Despite the draw to ad-free services like Disney+ and Netflix, Hulu’s ad-supported plan continues to be the top choice among Hulu customers.
During Disney’s Q1 2021 call, a question was posed to CFO Christine McCarthy about Hulu’s split of ad-supported versus ad-free subscribers. McCarthy mentioned that the majority of subscribers choose the ad-supported plan, mirroring statements made almost 18 months ago by former Hulu CEO Randy Freer. “About 60% still come on board for the ads service,” Freer said in an interview in May 2019.
McCarthy echoed those statements and added that she’s quite alright with the track record of ad-supported Hulu users being the majority. “We’re very comfortable,” McCarthy said, “we like the mix that we have. We have seen the really nice growth of our addressable advertising…and enjoy that relative increase of advertising.”
In fact, Hulu makes more money on their ad-supported tier, than their ad-free one. It’s one of the reasons they dropped the price from $7.99 to $5.99 in February 2019.
However, Disney recently launched the Disney Bundle with Hulu (Ad-Free) for $6 more than the bundle with the ad-supported plan.
This mirrors the growing trend of streaming consumers choosing the “middle option” so to speak — when given the option between an ad-free plan, or a slightly less expensive one with ads.
It was recently revealed that just 4% of users subscribe to Peacock’s $9.99/month ad-free package, with many choosing to use the free service or the $4.99/month ad-supported package.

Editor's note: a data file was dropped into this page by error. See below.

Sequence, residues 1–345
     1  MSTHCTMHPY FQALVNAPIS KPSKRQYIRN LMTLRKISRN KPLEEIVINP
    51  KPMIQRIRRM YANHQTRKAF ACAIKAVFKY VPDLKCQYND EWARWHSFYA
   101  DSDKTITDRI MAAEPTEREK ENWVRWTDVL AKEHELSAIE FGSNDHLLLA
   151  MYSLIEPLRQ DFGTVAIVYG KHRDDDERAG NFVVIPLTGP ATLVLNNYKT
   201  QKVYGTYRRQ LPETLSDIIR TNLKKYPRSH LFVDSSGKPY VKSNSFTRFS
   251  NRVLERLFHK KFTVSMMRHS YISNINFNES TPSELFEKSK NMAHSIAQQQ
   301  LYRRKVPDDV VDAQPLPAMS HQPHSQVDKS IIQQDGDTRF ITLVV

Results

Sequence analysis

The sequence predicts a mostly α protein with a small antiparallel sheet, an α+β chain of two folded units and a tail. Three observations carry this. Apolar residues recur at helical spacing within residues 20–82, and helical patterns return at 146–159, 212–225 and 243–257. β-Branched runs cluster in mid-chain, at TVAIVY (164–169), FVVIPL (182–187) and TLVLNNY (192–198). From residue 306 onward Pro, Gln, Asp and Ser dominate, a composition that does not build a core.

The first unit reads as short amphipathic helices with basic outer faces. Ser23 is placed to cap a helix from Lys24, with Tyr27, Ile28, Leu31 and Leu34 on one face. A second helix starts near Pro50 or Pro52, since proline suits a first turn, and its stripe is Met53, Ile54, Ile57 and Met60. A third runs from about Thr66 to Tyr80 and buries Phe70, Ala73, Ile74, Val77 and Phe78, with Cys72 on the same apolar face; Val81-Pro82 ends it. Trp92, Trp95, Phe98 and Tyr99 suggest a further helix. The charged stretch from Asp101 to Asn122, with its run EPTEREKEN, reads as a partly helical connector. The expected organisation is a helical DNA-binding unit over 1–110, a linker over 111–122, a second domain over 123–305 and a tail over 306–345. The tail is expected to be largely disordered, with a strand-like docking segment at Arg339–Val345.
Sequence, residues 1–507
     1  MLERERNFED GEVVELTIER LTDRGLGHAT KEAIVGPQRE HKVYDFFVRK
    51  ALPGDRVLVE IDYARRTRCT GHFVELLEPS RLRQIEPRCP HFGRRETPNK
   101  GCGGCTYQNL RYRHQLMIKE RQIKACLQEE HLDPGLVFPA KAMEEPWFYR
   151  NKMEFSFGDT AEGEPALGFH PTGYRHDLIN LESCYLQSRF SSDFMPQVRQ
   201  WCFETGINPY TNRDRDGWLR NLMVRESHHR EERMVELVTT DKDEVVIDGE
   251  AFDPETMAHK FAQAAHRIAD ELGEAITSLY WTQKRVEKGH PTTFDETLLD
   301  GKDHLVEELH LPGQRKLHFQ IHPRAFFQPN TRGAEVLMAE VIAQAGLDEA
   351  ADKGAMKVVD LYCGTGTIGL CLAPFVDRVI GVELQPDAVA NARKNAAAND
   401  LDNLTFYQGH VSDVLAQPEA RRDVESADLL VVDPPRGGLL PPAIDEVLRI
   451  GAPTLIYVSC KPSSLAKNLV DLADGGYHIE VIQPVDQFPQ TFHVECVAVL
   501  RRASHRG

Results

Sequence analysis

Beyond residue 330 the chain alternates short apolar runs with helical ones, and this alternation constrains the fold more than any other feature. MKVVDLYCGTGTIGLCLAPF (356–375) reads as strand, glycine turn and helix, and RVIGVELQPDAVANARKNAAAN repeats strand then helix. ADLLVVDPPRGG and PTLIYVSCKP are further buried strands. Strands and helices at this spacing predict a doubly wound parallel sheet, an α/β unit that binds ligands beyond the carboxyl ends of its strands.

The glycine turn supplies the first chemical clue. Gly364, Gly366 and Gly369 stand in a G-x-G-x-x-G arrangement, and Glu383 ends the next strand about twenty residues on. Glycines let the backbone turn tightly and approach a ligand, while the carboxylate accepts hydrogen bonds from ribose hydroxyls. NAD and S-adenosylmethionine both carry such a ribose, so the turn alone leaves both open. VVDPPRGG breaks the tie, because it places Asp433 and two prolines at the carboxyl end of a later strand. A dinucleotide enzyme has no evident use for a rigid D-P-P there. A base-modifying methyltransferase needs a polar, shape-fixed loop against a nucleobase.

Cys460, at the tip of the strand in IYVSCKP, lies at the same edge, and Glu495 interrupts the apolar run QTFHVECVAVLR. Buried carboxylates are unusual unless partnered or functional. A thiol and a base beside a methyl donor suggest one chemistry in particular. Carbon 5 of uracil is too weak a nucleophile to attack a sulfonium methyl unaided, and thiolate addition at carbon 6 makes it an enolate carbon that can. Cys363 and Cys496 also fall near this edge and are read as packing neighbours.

CBS All Access, soon to be Paramount+, features dual pricing as well — a $5.99 ad-supported option and a $9.99 ad-free option – with most choosing the ad-supported plan. Even HBO Max will be launching an ad-supported tier in 2021.
AVOD services like Tubi and Pluto TV have also seen an uptick in total viewership, showing that, as long as the price is right (in those cases - free), consumers are willing to sit through ads.
Granted, the most popular streaming service, Netflix, totally eschew commercials — but would consumers prefer an ad-supported version to save? While Netflix says “never,” and it’s very unlikely when its the customer’s primary streaming service. Given the amount of time customers spend on Netflix a month, there probably isn’t a big enough discount Netflix could give to make it worth it for them – and the customer.